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Show You the Money? Show Me the Jacket!
Posted By Josh Hay On March 1, 2007 @ 10:36 am In Articles,Customer Experience,Landing Page Optimization,Persuasive Design | 8 Comments
When I buy something online, I don’t want to look at only one picture of it. I want to see different views. I want to be able to experience the item as much as possible from my computer. I want it to feel like I’m there. I’m a reasonable guy. I know I can’t feel or smell items I’ve yet to purchase online–I just want to get as much visual info as I need.
This week, I went shopping online for a late-winter jacket (a must-have for self-respecting New York pedestrians). I checked out a couple of sites and there is plenty of room for improvement in all of them.
I live right down the block from Bloomingdales, but I can’t go to their store while I’m blogging through all hours of the night. (Very sad, I know.) I find a jacket I like and it looks great on the model, so I decide to click on the ‘Zoom’ button. The pop-up has three icons and the main Call to Action is the ‘Close Window’ button. I hit the ‘Plus’ button and it gives me a closer view of the jacket. But there’s only one picture of the jacket and I can’t even see the whole frontal view! If I can’t see half of the jacket, there’s no way I’m paying full price.
The next site I go to is Eddie Bauer. They do a good job of displaying multiple views, showing the jacket in all possible colors before purchase, and they even have clear and easy instructions on how to use the zoom functions. This pop-up window addressed all my questions. Now, where do I buy? Despite all that white space on the right side of the window, there isn’t a Call to Action anywhere, nor do I see a Call to Action beneath it–anywhere.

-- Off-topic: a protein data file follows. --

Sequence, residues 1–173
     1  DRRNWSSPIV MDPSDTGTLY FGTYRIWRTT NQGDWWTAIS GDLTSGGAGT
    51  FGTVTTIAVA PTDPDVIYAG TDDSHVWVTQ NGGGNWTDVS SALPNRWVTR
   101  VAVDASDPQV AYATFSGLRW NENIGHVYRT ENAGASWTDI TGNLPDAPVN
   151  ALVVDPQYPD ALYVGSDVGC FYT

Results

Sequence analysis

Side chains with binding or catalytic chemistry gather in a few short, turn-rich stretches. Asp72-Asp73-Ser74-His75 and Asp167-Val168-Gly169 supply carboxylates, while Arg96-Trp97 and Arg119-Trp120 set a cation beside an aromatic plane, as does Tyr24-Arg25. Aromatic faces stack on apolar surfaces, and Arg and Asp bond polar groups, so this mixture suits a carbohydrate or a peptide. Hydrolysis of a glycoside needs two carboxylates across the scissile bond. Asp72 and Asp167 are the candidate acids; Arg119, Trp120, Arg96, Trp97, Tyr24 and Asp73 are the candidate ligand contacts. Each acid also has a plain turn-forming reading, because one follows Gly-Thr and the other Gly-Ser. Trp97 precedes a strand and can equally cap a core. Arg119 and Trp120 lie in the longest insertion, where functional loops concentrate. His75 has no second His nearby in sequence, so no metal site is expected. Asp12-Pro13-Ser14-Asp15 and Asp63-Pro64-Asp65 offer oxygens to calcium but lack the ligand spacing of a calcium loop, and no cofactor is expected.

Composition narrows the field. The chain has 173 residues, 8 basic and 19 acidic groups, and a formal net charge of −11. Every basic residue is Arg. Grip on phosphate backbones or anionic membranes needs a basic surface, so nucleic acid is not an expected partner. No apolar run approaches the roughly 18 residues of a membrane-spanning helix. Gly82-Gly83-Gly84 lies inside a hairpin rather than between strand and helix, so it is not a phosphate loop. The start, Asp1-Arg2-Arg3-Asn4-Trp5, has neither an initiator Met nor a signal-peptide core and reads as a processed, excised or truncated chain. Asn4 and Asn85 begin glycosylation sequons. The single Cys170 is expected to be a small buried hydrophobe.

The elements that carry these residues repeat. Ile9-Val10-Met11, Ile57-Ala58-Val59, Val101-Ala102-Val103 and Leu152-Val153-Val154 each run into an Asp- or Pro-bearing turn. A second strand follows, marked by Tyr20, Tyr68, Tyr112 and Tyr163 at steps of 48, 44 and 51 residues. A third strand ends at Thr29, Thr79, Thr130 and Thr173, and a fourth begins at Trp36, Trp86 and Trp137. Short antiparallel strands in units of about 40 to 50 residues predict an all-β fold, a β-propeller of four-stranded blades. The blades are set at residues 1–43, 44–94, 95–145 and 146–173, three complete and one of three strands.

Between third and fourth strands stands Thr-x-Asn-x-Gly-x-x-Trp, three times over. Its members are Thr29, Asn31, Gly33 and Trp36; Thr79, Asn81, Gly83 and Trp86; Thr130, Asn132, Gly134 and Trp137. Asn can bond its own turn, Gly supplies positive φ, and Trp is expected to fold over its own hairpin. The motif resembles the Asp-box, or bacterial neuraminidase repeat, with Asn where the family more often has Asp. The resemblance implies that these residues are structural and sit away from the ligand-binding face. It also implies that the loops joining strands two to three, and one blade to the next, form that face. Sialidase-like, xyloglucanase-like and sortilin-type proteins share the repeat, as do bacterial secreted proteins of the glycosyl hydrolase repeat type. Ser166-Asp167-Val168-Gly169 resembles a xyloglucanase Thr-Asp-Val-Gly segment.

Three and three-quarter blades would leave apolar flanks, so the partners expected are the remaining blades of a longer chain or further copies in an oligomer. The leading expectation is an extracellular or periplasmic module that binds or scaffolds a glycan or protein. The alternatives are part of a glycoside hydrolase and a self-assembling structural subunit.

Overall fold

Lands End has a unique approach to displaying the image and its zoomed-in version. They have the tool built right into the product page. This is a good approach and doesn’t make the visitor leave to open a pop-up. Unfortunately, they don’t have multiple views available, so I can’t see the back or sides of the coat. Another problem is the placement of the color swatches. You can change the color of the zoomed images, but the swatches are visually removed from the tool. Shouldn’t they be right under the product picture so I can utilize the tool better?
The last site I check is L.L. Bean. Their pop-up looks unprofessional. (This, by the way, is an issue we’ve discussed several times on GrokDotCom.) They have swatches to let me view the coat in different colors; however, they make me scroll or resize the window just to view the entire coat. They’ve also limited me to only one view. On the plus side, it’s a really big picture
As you can imagine, you’ve got many options when testing product images . Here are a few tips for showing them off in a larger format.
At the end of the day, product pictures just don’t mean much if you can’t provide any additional context. If you know an online retailer that’s doing it right, comment below and link to your favorite $$$ shot. [Editor's Note: Clothing required, by the way.]
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URL to article: http://www.grokdotcom.com/2007/03/01/show-you-the-money-show-me-the-jacket/
URLs in this post:
 Image: http://www.grokdotcom.com/wp-content/uploads/Josh/bloomingdales.jpg
 Image: http://www.grokdotcom.com/wp-content/uploads/Josh/eddie.jpg
 Image: http://www.grokdotcom.com/wp-content/uploads/Josh/lands_end.jpg
 Image: http://www.grokdotcom.com/wp-content/uploads/Josh/llbean.jpg
 testing product images: http://www.grokdotcom.com/2007/02/07/how-changing-your-product-image-can-boost-sales-by-147/
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